Last week Governor Hochul answered one big question about her Commission on the Future of Health Care – the names of its members – but left a fundamental mystery unresolved: 

Which of the many problems in New York’s health care system is this high-powered group of experts supposed to tackle as a top priority?

The Nov. 2 announcement also raised an entirely new issue: What will be the role and makeup of the “stakeholder advisory board,” whose existence was first revealed in the last sentence of her press release?

As promised – albeit belatedly – Hochul has assembled a panel of bona fide experts, most of whom have served at high levels as health-care providers and executives, academics and government officials.

But even the best health-care minds aren’t likely to get much done if they lack a clear mission or if their work is subject to interference from vested interests.

Hochul’s list of appointments includes a few familiar insiders – such as former state budget director Robert Megna and former Medicaid director Brett Friedman – but most come from outside the Albany circle of industry groups and lobbyists.

The chair is Sherry Glied, dean of the NYU Wagner Graduate School of Public Service. She was formerly an assistant secretary of the U.S. Department of Health & Human Services during the Obama administration and a member of the President’s Council of Economic Advisers under Presidents George H.W. Bush and Bill Clinton.

Another member, Nancy-Ann DeParle, who worked in the Obama White House as director of the Office of Health Reform and later deputy chief of staff. She was previously the administrator of the Centers for Medicare & Medicaid Services during the Clinton administration. 

Commission member Thomas Insel, a psychiatrist, was director of the National Institute of Mental Health from 2002 to 2015 and later authored a book critiquing failures of the mental health system.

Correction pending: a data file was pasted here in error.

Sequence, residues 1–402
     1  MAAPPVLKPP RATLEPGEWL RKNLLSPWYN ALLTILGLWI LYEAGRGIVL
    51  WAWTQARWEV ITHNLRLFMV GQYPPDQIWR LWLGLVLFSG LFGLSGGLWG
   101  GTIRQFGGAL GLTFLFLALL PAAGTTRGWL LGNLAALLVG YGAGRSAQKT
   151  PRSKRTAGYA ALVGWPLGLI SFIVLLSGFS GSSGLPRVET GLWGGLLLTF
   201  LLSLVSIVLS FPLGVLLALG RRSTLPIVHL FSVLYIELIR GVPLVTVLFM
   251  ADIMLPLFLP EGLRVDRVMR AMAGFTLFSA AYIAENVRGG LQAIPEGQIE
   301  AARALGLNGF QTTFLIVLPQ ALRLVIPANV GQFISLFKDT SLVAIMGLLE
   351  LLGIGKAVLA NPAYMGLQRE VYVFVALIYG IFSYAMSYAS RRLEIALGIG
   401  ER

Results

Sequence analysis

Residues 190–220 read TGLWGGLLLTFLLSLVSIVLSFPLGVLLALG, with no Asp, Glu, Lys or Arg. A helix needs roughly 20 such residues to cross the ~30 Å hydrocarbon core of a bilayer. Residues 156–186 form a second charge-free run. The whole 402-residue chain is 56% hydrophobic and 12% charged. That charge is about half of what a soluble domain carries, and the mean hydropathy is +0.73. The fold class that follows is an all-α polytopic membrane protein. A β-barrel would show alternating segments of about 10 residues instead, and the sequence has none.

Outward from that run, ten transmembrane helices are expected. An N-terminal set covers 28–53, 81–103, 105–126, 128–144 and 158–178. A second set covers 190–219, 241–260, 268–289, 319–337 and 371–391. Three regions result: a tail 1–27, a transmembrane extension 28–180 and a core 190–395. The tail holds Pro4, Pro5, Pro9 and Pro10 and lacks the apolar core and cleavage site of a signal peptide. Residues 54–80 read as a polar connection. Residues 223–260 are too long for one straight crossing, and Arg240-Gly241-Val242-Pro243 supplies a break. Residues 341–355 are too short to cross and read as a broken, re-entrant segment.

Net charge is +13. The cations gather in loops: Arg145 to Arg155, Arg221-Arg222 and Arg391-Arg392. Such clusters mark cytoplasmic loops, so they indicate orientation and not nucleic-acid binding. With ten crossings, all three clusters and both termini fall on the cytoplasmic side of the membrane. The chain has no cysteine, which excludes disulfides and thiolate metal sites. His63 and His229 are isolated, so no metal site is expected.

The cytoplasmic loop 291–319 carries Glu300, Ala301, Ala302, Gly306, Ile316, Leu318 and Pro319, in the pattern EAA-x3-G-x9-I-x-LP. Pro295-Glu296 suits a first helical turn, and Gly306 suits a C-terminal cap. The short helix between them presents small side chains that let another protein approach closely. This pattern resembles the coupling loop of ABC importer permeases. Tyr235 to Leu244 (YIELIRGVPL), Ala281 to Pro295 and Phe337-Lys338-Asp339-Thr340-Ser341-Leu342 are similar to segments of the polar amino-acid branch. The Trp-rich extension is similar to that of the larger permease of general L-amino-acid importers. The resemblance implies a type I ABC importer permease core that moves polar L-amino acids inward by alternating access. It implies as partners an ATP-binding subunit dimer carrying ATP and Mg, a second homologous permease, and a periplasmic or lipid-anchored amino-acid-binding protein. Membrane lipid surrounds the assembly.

There’s no shortage of problems in New York’s health care system: the high and rapidly rising cost of Medicaid and commercial health insurance, shortcomings in the quality of care provided by its hospitals and nursing homes, and weaknesses in its public health system that were revealed by the coronavirus pandemic.

Which of these topics, if any, the commission will address is anything but clear from the latest summary of its mission, as featured on the commission’s website:

The Commission will provide ongoing strategic recommendations to transform the health care system in New York State, with a goal of ensuring that the limited resources of the State and other health care payers are optimized to enable the delivery of accessible, equitable, high-quality care for all New Yorkers, through a resilient health care ecosystem and a strong health care workforce. It will be tasked with identifying strategies to ensure the long-term resilience of New York’s health care system.

The Commission will offer formal recommendations submitted annually. The Commission’s first recommendations will be due before the end of 2024 and will be released publicly. The Commission will focus on the full continuum of care, including physical and behavioral health, and recommendations will span policy, regulation, funding, and other strategies to drive long-term transformation within the health care system.

The commision is also expected to “work with a Stakeholder Advisory Board to ensure collaboration across the entire health-care system.” This sounds like a vehicle for the Albany insiders who were excluded from the commission itself. Who will sit on this board? Will it include the state health commissioner, Dr. James McDonald? How much influence will stakeholders have over the commission’s reports and recommendations? The governor has not yet said.

Hochul has succeeded in recruiting well qualified and experienced people to give her advice on New York’s health care system. Let’s hope their time and expertise do not go to waste.

About the Author

Bill Hammond

As the Empire Center’s senior fellow for health policy, Bill Hammond tracks fast-moving developments in New York’s massive health care industry, with a focus on how decisions made in Albany and Washington affect the well-being of patients, providers, taxpayers and the state’s economy.

Read more by Bill Hammond

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